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Hospitality in the Park delivered bass, vibes and a whole lot of rain

Jungle | Wednesday 10th October 2018 | Rosh

Its another successful year for Hospitality's massive rave-up in the park, however this year it proved to be a lot wetter than previous years.
 
Before arriving at Finsbury Park, London, we thankfully decided to check out the weather for the day and duly prepared for the rain that was set to join the festivities in the afternoon. Pity that quite a few of the crowd didn't do the same, just like my mate Ricky, who decided to wear his brand new trainers to mark his 1st ever HITP festival (RIP). But like all good British festivals, we don't seem to mind a bit of rain, in fact, given everyone sprits on the day, it didn't seem to matter in the slightest.
 
Scanning the layout, everything seems well placed and within short walking distance as we trudged over to check out the "We Love Jungle" arena and caught Breakage laying down some serious energetic old school jungle "tunage" for the DnB faithful. MC GQ complimented his set perfectly and duly left us wanting more when Breakage's set came to a climactic finale.  After taking a brief break and checking out some of the food stalls (bit overpriced, but quality grub on offer at least) we were back for LTJ Bukem, and as any respectable DnB head knows, he is the original master (alongside Fabio) of all sultry, jazzy and atmospheric Drum and Bass, as he showcased the many classics that have come out on his own imprint, Good Looking Records, in the last 2 decades. Of course, the highlight of his sets was his own classic "Music" and "Atlantis" which took the crowd to another level and made the weather even more bearable. No matter what anyone says, these classics will always be the staple of our DnB scene and have provided the Blueprint to how the music has panned out today.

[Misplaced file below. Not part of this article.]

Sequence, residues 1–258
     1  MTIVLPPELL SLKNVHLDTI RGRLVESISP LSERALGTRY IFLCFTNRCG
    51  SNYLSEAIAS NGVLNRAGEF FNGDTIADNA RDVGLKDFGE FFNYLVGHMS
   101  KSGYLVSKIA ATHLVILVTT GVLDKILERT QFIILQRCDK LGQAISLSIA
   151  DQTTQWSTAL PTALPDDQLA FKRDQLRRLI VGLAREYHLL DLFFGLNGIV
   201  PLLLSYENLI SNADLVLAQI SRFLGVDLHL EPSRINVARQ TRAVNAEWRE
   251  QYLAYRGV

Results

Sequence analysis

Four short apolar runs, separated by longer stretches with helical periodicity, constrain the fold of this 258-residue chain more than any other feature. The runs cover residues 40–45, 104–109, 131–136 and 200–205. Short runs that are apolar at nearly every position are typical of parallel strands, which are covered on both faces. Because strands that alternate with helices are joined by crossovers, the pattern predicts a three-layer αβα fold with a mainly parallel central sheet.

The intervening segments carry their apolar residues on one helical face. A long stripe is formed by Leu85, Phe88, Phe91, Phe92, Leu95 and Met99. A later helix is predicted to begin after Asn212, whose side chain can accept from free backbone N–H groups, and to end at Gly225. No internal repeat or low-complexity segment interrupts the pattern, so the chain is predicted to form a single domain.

Grooverider stepped up next for the closing set and took me straight back to Hoxton square with a magnificent "Metalheadz" Blue Note set with MC Cleveland Watkiss on hosting duties. Dropping classics from his own Prototype label, as well as a barrage of Metalheadz gems from scene kingpins such as Dillinger, Alex Reece and Lemon D, he drew selection after selection for the predominately young crowd who were probably busy soling their nappies when  Blue Note was all the rage on Sunday nights back in the 90's. Even so, they seemed to enjoy it even more than the "older headz" who were busy riding the Bluenote bass wave.
 
Managing to peel ourselves away from all of the nostalgic beats, we got to hear the end of Goldie's epic offering at the Outlook stage, as he played out the final set of the evening. The Outlook stage was one of the newer stages to the upgraded HITP offering this year and showcased some serious talent, all offering something different when it came to musical programming. Yet another great touch from the Hospitality crew and a monstrous closing set from Goldie, finishing with one of my personal favourites of all time, John B - Up All Night, which in reflection was a bit of a cheek given the festival finished at 11 pm.
 
Hospitality gets you hooked each and every time, the layout, programming, production, vibe and the feeling that you really belong to something special will always make you feel at home and wanting to come back for more, no matter what the weather (or bar prices) throws at you. These guys have added more to their 3rd-year sell-out festival, expanding genres and stages to include Dawn Penn and Foreign Beggars to the ever-increasing lineup. Speaking with some of the friendly ravers, some of them who got there early after travelling from across the country were disappointed at the gates being shut at 1 pm, a delayed opening which had something to do with the weather I assume. Other's also complained about the price of drinks, including myself after forking out £13 worth of tokens which got me 2 cans beer, not good but hopefully, HITP will have cheaper drinks next time.
 
Overall this is one DnB festival which truly delivers in many aspects, but am now left wondering if they have now outgrown Finsbury Park and are ready to take on pastures new. Maybe somewhere not so residential and more accessible to people who aren't from London, but more importantly, where the licensing restrictions will actually be able to allow me to "stay up all night" with volume levels like the good old days.
 

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